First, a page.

- Continuous Personal Improvement — We cannot be the best in business if we cannot be our best selves.
- Craftsmanship — We do it right. Right means it solves the solution in the simplest, lowest cost way.
- Consistency — it is not enough to be the best only part of the time.
- Confident — Confidence comes from having built the skills through personal development.
- Courageous & Tactful — it can be difficult to voice opinions to a client but necessary. Well-earned confidence allows for tactfulness.
- Honesty and Accountability through Transparency — We communicate to our team and our clients our achievements and the challenges we face and our plans to overcome.
How can a leader make plans when the future is so unpredictable?
I had mentioned earlier our use of tools, systems and frameworks and in this case relying on systems thinking tools helps you as a leader understand how you can make your future more likely to be predictable and then what is likely to always be unpredictable.
Within systems thinking and other tools they ask that you are always vigilant about scanning your environment especially around how social, political and economic policy may be shaping your factors that impact your industry. I see this sort of analysis in large part to be rather unpredictable in terms of our ability to influence these policies but what is predictable is our ability to plan and organize with this sort of information.
Is there a “number one principle” that can help guide a company through the ups and downs of turbulent times?
I would point to two things:
1) Goals and Strategy. As we experience the ups and downs, we always like to revisit our goals both in the short term and long term. We also discuss our strategy as a company and when it makes sense we adjust.
2) Values. As I mentioned this earlier, the principles that guide us our the values that we have created and modified as we have grown.
Can you share 3 or 4 of the most common mistakes you have seen other businesses make during difficult times? What should one keep in mind to avoid that?
1) Leaders let their ego get in the way of making the best decision for the company. I often think business leaders think it makes them look weak if they change plans or strategies and I think of it differently. If our environment is always changing and evolving, then we are fools if we do not adapt to it.
2) Stop listening to your team, advisors and experts. As I mentioned earlier, when things are difficult leaders need to be more inclusive and in my experience I have seen some leaders kind of retreat into a shell to try and figure it out on their own.
3) Lack of transparency and honest communication with your team and clients.
Generating new business, increasing your profits, or at least maintaining your financial stability can be challenging during good times, even more so during turbulent times. Can you share some of the strategies you use to keep forging ahead and not lose growth traction during a difficult economy?
Every business leader (and especially in small business) we are always thinking of different ways to grow our business. In early 2020, right before the pandemic hit, I worked with Matt Heelan our COO to create a healthcare specific business strategy because we knew we could successfully leverage our existing healthcare clients’ relationships. We also created a separate entity to handle our non-healthcare clients.
Additionally, I think we need to think creatively about where we go to find new opportunities. There was recently some news where Netflix announced they were creating an e-commerce store offering to sell apparel, jewelry and collectibles. This will be an entirely new set of revenues streams for the original streaming company.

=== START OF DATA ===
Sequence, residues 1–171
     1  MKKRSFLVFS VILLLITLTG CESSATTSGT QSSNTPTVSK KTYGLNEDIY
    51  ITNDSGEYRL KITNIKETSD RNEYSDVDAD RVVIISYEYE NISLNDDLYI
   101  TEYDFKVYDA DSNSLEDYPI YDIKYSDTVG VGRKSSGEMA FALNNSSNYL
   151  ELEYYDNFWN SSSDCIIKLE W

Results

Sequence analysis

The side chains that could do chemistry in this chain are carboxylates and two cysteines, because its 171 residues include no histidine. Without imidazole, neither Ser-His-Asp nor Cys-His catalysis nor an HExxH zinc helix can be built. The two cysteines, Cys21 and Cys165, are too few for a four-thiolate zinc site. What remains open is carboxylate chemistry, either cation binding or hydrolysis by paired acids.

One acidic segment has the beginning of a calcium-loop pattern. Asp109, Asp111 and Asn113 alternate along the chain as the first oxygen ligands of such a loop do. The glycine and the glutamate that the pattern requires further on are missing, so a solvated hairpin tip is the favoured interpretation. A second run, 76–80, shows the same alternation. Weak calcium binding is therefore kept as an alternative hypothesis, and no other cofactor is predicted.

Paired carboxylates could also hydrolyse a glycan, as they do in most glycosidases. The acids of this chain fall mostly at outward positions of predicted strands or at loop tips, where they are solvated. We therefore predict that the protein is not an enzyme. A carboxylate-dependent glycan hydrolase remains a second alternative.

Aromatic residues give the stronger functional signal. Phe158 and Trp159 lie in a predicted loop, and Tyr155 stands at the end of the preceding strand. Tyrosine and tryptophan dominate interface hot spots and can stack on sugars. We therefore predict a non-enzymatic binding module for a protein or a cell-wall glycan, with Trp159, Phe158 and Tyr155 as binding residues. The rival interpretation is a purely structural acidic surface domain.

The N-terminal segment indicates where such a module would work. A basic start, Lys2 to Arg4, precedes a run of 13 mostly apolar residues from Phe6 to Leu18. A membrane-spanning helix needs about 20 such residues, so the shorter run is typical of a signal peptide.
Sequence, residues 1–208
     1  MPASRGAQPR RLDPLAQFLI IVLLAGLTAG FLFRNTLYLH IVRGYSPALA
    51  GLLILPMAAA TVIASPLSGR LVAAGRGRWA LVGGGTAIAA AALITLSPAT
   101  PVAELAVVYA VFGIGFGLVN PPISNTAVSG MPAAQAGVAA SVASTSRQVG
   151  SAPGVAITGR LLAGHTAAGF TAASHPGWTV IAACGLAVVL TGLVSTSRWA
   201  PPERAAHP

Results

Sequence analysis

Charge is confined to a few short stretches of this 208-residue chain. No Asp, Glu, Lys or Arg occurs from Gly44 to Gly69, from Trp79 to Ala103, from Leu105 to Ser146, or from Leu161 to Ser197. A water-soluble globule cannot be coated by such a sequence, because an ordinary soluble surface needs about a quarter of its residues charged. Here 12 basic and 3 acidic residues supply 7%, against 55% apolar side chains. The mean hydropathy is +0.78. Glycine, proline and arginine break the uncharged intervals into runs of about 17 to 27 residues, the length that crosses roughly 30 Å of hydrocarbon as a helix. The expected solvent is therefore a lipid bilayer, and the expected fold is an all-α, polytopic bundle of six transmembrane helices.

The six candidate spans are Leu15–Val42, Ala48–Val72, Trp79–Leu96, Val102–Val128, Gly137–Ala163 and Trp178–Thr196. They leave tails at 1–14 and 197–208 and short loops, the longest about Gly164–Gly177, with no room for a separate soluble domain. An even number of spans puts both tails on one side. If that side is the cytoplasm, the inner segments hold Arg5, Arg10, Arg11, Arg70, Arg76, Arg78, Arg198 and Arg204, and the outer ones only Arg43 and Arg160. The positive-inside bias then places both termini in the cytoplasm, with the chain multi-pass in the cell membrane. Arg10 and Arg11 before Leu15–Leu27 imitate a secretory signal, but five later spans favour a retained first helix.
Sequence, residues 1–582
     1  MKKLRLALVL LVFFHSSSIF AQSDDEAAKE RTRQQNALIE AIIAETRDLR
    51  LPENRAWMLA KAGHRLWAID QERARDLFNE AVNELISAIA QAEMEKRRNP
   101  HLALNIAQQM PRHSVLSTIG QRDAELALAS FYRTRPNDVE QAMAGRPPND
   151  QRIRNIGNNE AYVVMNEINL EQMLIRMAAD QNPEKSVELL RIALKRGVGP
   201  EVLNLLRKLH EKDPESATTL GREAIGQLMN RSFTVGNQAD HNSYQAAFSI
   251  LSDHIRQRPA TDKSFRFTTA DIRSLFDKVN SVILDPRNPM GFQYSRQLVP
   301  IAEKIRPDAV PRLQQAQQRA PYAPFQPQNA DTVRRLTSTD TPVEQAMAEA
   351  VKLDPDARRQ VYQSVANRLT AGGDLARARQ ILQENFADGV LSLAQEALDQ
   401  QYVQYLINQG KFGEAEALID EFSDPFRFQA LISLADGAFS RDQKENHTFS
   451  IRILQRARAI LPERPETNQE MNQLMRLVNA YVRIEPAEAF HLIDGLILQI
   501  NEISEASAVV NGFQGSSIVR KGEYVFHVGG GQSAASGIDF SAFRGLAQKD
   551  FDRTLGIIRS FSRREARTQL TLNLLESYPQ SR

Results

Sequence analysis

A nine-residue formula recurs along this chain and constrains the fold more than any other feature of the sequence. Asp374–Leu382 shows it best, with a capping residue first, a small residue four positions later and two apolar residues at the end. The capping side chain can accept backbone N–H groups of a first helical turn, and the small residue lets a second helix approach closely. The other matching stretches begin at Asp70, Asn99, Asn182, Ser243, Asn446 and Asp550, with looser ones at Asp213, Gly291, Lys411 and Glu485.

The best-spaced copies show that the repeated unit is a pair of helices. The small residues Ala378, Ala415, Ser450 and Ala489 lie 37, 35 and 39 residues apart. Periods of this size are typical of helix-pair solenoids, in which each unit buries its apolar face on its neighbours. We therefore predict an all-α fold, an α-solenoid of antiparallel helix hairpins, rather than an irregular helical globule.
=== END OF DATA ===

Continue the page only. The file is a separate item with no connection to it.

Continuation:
We are undertaking a similar shift by developing our very own product and service for the healthcare industry. We are in the early stages of development but going from a purely services based business into building an actual product has it’s own set of challenges but with our team I am confident we will be successful.
Here is the primary question of our discussion. Based on your experience and success, what are the five most important things a business leader should do to lead effectively during uncertain and turbulent times? Please share a story or an example for each.
We have covered a lot of these already but:
1) Listen and then listen some more. Listen to the what the market is telling you, listen to your team and listen to your instincts, gut, and experience.
2) Use the systems, tools, frameworks that can help you lead.
3) Communicate and then communicate some more. During uncertain times people want more information so often these may be daily check-ins with your team and your clients.
4) Revisit plans, goals, strategies, and values. Often when we are going through challenging times when we reflect on these areas it can help us reset or in some cases adjust our strategy.
5) Keep a sense of humor. Yes overcoming difficult situations is stressful but sometimes a little levity helps us get through these moments.
Can you please give us your favorite “Life Lesson Quote”? Can you share how that was relevant to you in your life?
You haven’t failed until you quit trying.” If you attempt to do anything worthwhile you will stumble. You will make mistakes. You will not take a direct path to success unless you are simply lucky. If you believe in what you’re trying to accomplish and you’re willing to learn from your mistakes, the only other thing you must do is keep trying. This is not something you have to remember as much as it is simply a way of life. Accept that struggle and challenge are natural and embrace them as the path to success. Doing so allows you to take more chances and thereby increase your risk of finding the path to success. In my life it is true that making incorrect guesses are far more valuable than guessing correctly. This is because guessing incorrectly moves you in the right direction and give you additional knowledge. Making correct guesses only move you in the right direction, but often without the knowledge of knowing why they were correct.